Exobasidium symptoms on Rhododendron spp. Photo: Bruce Watt, University of Maine, Bugwood.org

Updated: August 1, 2022

Key points

  • While very noticeable, Exobasidium leaf and flower gall will not threaten the health of the plant.
  • This problem is more common during cool and wet spring weather.
  • The first symptoms are swollen or puffy portions on newly expanding leaves, shoots, buds or flowers.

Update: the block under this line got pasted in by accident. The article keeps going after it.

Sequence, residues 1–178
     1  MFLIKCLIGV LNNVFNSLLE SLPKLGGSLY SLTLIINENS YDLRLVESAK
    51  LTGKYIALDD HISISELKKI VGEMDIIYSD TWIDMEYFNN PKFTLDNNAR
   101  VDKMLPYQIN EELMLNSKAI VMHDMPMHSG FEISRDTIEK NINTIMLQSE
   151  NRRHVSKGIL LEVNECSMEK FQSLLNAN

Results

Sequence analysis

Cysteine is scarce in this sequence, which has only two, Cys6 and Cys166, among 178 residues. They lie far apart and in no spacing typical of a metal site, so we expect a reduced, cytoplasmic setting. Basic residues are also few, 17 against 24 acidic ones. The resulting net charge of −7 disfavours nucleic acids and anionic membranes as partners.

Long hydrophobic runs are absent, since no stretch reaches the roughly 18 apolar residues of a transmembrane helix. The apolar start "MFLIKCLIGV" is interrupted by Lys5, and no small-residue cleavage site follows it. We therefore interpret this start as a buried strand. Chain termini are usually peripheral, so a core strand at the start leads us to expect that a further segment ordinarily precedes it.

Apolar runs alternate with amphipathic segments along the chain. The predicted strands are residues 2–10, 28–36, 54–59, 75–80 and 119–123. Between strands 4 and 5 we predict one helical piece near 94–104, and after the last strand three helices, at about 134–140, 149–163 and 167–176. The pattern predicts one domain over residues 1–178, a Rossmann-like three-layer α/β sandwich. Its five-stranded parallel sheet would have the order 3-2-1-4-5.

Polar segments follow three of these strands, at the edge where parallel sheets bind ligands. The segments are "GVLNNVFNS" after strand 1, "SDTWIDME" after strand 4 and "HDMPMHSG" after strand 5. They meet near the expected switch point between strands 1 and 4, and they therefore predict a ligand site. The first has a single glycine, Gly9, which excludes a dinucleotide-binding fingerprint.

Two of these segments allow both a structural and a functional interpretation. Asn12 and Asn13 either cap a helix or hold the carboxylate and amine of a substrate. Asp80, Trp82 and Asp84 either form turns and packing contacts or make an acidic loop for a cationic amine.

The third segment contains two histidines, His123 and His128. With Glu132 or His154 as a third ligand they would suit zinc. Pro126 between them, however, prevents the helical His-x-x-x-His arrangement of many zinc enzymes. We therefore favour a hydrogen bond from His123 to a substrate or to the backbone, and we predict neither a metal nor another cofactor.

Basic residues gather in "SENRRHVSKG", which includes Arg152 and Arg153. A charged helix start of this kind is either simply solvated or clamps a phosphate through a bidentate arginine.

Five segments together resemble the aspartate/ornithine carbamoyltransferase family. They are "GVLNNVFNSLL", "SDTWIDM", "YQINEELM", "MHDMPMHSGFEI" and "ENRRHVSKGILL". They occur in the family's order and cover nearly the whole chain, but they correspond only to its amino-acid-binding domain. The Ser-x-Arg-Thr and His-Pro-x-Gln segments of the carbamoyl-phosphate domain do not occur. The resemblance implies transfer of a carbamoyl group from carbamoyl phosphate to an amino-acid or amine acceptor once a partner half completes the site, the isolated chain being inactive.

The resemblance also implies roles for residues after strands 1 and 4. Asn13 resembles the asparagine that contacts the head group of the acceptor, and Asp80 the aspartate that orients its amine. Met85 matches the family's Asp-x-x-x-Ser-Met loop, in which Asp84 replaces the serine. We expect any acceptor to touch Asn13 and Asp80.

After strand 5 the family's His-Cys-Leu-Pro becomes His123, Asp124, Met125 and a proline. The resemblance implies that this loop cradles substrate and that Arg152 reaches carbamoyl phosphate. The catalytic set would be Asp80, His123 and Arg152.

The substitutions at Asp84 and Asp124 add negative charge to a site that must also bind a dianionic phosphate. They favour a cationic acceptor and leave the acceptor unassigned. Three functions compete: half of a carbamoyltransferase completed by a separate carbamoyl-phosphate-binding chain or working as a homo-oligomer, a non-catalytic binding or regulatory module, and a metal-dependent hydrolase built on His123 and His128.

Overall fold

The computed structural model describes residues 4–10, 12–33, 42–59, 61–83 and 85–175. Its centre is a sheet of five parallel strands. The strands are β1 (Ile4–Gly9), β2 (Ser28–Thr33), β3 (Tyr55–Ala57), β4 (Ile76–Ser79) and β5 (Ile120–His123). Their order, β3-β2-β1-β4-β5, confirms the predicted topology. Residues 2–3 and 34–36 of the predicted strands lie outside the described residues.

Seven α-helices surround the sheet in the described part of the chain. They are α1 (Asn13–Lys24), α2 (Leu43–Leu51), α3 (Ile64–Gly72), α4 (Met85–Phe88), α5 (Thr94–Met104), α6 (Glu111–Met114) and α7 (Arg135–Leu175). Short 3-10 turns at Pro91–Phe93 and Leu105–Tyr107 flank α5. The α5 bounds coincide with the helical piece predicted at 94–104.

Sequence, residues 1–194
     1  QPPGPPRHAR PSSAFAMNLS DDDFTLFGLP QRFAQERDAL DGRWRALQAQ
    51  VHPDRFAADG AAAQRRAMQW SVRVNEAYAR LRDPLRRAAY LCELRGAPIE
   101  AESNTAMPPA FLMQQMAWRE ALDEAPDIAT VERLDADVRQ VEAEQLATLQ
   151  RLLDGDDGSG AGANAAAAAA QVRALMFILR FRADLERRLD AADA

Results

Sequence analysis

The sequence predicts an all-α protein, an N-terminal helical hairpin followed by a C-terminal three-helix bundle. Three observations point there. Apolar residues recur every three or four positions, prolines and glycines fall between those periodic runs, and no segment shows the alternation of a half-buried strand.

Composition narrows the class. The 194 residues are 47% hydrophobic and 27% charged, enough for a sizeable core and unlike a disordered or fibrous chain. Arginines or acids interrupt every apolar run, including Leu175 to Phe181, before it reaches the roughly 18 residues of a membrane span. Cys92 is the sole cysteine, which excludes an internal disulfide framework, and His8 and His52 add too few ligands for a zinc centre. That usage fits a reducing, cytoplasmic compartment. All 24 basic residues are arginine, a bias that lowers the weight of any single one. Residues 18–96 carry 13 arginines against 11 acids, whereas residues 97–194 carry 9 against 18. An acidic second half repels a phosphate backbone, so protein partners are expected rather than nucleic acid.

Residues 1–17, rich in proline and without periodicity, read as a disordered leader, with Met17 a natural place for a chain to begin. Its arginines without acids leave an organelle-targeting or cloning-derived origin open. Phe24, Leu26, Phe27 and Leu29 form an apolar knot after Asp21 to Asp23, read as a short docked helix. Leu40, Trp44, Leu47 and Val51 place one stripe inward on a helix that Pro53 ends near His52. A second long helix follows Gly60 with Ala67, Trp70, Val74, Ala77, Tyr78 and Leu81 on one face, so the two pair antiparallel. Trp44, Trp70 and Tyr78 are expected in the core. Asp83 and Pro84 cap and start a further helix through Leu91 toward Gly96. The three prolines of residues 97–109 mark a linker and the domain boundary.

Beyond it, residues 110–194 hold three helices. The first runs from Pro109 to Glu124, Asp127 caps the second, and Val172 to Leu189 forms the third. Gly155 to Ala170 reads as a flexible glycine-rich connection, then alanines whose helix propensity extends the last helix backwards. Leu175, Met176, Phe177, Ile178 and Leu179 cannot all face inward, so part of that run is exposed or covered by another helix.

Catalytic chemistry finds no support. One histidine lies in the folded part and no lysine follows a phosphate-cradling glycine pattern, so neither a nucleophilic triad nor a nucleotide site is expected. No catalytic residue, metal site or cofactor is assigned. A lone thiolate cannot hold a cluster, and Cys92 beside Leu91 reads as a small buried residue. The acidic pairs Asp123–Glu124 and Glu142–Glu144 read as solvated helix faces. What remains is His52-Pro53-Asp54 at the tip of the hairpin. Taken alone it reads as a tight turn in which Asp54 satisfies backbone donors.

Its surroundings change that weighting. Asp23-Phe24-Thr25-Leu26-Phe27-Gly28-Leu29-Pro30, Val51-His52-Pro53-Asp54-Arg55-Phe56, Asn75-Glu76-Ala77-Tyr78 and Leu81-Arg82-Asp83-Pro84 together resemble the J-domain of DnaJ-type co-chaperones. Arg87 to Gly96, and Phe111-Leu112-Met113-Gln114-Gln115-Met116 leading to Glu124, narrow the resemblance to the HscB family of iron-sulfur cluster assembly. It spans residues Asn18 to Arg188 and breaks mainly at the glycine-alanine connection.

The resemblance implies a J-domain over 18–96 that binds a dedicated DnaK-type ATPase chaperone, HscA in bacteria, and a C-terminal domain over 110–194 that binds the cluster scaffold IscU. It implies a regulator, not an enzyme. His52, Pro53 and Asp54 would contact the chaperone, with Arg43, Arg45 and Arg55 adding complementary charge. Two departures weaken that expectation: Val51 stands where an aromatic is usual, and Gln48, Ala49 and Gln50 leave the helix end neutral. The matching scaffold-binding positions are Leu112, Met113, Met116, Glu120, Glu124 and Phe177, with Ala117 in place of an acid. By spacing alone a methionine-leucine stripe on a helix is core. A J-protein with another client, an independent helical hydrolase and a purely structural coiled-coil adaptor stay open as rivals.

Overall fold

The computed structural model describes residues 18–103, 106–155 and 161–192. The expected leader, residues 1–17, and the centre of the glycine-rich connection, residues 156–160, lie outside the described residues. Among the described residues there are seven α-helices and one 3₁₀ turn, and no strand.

• These areas turn into galls that range in color from green, silvery white, to pink or red depending on the part of the plant infected.
  • As these galls age, they develop a white surface growth which consists of a layer of reproductive spores.
  • Eventually, the infected plant part will turn brown and shrivel up into hard galls.


  • Fungicide sprays are not effective for the control of this disease.
  • Prevention strategies involve hand picking the galls off before they develop the white sporulating surfaces.
  • This will reduce the incidence of disease next season.